Thursday, May 3, 2018


Recently I moved. I have moved more than a dozen times in the last two decades. And I have moved from city-to-city, country-to-country. You could call me a veteran at moving.

Except that it didn’t get easier. In fact, just the opposite. Each time I have packed up a home, I have been emotional. Each time I have unpacked, I have been either paralysed for weeks/months or distraught.

This time too I started with a feeling of dread about the oncoming move. Worse, something in my new home didn’t feel okay. I began to explore what of the new home disturbed me.

Here is what I found out – although I am highly creative, I am also ultra-logical. Which meant the rooms and their arrangement had to have a well-thought out sequence. On the other hand, the lady who built the home was more interested in keeping it Vaastu compliant. That meant a corridor was weirdly cut, the living room had a strange sit out in the corner, the kitchen was not arranged for the comfort of a cook, the bathroom was well… And where to connect the washing machine?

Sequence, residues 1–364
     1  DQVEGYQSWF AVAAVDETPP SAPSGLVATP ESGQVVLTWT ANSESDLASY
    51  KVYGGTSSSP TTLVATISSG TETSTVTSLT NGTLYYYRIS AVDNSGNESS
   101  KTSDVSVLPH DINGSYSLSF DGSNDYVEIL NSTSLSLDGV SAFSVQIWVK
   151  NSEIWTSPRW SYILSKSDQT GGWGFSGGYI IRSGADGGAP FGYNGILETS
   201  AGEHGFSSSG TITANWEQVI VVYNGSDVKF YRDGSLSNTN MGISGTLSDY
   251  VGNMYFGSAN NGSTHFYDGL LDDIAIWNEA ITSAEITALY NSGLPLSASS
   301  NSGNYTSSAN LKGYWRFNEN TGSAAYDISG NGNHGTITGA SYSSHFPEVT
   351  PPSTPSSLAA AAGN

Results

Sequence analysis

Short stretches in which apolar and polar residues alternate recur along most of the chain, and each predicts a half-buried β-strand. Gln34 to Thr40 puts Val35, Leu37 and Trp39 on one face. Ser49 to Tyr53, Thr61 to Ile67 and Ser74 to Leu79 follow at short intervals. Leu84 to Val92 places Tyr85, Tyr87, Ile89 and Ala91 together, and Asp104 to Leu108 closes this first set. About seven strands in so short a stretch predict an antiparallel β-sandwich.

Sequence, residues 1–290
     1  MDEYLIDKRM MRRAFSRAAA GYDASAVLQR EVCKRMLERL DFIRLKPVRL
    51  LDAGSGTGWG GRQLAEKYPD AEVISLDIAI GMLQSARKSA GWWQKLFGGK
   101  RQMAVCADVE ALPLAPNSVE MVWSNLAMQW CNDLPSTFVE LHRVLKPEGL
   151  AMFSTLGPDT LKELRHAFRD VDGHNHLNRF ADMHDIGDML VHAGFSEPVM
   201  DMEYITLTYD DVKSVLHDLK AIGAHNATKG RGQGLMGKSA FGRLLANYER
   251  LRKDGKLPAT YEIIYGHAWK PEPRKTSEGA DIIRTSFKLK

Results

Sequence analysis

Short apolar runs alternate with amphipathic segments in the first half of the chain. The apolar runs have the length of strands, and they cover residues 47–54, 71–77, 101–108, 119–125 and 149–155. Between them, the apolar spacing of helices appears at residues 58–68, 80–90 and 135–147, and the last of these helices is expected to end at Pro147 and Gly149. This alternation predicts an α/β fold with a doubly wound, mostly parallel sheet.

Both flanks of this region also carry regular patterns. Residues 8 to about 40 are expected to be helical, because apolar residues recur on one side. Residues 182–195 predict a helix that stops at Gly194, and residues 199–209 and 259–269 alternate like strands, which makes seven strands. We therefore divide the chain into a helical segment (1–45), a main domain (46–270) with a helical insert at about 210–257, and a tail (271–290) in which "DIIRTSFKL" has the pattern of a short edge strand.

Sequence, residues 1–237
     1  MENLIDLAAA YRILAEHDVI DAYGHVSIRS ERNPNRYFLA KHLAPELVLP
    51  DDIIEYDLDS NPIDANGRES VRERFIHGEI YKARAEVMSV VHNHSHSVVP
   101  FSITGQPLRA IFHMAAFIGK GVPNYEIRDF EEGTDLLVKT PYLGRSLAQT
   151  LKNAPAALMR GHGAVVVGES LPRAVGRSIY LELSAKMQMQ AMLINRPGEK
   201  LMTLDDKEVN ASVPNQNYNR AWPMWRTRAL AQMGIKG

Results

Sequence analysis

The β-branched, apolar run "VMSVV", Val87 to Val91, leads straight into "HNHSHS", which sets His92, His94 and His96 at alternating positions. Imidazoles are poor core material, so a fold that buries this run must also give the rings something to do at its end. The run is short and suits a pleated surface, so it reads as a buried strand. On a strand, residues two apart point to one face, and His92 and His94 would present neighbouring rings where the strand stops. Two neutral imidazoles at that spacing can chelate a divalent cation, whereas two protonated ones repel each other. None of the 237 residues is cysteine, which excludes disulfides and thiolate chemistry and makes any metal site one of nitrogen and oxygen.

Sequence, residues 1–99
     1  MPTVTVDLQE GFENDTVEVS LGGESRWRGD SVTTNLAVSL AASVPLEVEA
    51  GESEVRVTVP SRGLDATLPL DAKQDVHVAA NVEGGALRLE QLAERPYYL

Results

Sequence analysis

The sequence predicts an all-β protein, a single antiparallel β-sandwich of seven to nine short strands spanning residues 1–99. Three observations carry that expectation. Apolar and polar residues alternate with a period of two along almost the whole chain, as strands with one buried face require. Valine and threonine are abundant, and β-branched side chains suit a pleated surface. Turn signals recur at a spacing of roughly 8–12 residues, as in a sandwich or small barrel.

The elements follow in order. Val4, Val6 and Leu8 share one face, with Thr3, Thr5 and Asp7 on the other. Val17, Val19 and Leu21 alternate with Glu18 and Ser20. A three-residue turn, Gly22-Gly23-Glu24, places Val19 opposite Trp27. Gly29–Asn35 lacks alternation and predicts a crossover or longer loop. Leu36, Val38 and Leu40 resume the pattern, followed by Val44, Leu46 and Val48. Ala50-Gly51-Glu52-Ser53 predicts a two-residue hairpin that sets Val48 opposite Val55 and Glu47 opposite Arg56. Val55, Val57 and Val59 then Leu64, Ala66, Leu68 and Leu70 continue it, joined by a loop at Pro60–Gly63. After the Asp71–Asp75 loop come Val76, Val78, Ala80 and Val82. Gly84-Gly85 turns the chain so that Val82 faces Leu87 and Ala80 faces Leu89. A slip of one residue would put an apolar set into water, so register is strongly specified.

No, it had several positive qualities. Plenty of light and air, greenery in the backyard and it is quiet and sweet. It is close to a park and I can skip down to a popular street nearby at will.

But the strange cut-outs of the room and the impractical arrangement of fixtures bothered me.
I was getting emotional enough to end the idea of moving.

Thankfully I called friends to help me think through the situation. And the conversations helped me sit on what was happening.

This is when I realized something else.

That finding homes, settling in homes is like a relationship. It is not an exact 100% match. It is a somewhat compatible possibility.

And like relationships, one has to accept the spaces and fixtures that doesn’t match with your worldview. One has to work with it, embrace it, love it, so it grows with you.

I realized how obstinate and demanding I had been about what I wanted. That I was bothered by my own high expectations. And that it extended beyond home to other aspects of life.